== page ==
Now that you know what zoom ratio is and how the focal length of the zoom lens affect the camera’s output, let’s return back to our original question: What is the magnification of your digital camera?
How do I calculate my camera’s magnification?
When you say an object is magnified, the question that arises is – magnified with respect to what? Obviously, to the unaided human eye. So to calculate the magnification of a camera of a particular focal length, we have to know the 35mm equivalent focal length of the human eye. The figure has been put around 50 mm.
A lens with focal length of 50 mm (also called normal lens) reproduces perspective that generally looks natural to a human observer. In other words, a 50 mm lens has approximately the same angle of view (or field of view) as the human eye. Lenses of shorter focal length are hence called wide-angle lenses because they allow us to “see more” than the human eye could. Objects viewed through a wide-angle lens appear contracted. These lens have magnification less than 1.
Lens whose focal length is longer than 50 mm are referred to as telephoto lens because they allow us to “see further” than the human eye could. Objects viewed through a telephoto lens appear expanded or magnified.
Our example Nikon COOLPIX S550 camera, with 35mm equivalent focal length of 36mm-180mm, thus has an optical magnification ranging from 36/50 mm to 180/50 mm, or 0.72 to 3.6. Notice how the camera is advertised as 5X zoom but achieves only 3.6 magnification. Technically, Nikon is correct – 5X is the zoom ratio and not magnification, but they are riding on the buyer’s ignorance to misled us into believing otherwise.
But you shouldn’t worry about magnification. As already mentioned, the key is focal length, and with camera megapixel thrown in, magnification becomes a murky term.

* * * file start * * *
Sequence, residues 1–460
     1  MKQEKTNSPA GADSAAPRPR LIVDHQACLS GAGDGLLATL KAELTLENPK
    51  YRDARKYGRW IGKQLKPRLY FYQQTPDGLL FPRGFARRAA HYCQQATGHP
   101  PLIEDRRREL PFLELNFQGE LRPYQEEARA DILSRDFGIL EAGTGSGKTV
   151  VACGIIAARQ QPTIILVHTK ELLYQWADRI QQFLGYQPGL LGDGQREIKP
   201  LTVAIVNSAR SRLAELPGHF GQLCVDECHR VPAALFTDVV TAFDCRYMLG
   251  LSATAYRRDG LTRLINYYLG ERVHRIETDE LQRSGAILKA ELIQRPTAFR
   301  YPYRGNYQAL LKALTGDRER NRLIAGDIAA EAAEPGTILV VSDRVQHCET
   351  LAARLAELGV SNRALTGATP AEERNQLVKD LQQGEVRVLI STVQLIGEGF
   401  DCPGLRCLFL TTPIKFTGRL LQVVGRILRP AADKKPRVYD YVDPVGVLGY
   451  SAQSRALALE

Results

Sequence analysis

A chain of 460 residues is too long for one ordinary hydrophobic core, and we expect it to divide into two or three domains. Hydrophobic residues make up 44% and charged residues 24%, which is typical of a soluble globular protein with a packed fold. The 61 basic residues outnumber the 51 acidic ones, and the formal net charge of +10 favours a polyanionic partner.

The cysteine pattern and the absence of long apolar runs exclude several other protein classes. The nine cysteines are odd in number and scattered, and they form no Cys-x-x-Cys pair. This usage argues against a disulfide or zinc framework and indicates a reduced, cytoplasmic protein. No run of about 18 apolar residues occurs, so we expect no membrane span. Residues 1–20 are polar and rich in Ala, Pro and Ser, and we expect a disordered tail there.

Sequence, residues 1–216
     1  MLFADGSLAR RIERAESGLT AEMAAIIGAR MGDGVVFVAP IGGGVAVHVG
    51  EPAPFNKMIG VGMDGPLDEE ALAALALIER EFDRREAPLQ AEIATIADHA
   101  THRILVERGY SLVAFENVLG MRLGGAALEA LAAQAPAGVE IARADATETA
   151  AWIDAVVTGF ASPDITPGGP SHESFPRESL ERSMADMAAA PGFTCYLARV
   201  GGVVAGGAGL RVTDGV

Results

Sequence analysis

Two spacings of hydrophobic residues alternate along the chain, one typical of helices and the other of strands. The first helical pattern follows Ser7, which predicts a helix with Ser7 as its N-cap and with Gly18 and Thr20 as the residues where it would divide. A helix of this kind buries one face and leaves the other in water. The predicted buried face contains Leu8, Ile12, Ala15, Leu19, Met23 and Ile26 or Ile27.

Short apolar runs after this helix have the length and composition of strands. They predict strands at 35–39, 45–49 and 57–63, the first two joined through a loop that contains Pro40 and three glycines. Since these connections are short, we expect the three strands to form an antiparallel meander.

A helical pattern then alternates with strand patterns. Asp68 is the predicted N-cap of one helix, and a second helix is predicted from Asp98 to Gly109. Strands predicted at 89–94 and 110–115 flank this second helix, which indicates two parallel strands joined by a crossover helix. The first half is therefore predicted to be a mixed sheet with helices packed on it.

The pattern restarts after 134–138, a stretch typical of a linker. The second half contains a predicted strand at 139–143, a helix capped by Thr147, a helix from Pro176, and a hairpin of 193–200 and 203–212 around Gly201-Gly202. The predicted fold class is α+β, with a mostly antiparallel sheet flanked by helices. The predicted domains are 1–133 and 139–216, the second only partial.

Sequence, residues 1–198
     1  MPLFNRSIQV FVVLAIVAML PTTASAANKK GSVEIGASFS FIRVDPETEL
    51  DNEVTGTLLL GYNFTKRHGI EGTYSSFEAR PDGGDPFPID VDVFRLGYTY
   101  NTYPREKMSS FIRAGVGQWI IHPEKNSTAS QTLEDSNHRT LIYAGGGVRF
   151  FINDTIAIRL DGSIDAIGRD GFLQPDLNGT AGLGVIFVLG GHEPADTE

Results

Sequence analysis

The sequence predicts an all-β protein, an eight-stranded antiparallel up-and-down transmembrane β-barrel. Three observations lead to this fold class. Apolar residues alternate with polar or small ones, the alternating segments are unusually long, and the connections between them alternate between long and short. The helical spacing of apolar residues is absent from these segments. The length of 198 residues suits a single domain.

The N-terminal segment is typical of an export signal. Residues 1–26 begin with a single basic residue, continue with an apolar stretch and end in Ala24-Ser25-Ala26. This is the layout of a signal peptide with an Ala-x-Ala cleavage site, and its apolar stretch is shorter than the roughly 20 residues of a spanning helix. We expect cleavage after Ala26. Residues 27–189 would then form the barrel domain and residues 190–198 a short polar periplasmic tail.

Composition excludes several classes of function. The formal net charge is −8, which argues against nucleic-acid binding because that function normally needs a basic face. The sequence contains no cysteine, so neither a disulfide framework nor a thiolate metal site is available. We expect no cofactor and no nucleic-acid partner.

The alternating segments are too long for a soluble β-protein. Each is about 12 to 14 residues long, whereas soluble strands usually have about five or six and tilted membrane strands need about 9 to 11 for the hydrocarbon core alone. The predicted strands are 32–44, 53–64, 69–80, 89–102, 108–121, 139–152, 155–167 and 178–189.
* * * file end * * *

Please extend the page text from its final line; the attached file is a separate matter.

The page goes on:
Say you have two cameras – one is 3MP and the other 9MP, and both have identical focal lengths. You shoot the same object from the same distance at the same focal length with both cameras and then open the images on your computer. You will notice that the 9MP camera produces an image approximately three times magnified compared to the one by the 3MP camera, even though both were shot with the same focal length.
Optically, both have the same magnification but because the 9MP camera has more pixels to record the light, the produced image appears magnified. When printing, the one taken with the 9MP camera can be blown up to a size larger than can be done with the one taken with the 3MP camera. So does the larger megapixel camera produce bigger and sharper images? Bigger: yes; sharper: not necessarily. What matters is the quality of the pixel (or the sensor) and not the quantity.
As Ken Rockwell writes:
Sharpness depends more on your photographic skill than the number of megapixels, because most people’s sloppy technique or subject motion blurs the image more than the width of a microscopic pixel.
Sharpness has very little to do with image quality, and resolution has little to do with sharpness. Resolution (pixel count) has nothing to do with picture quality.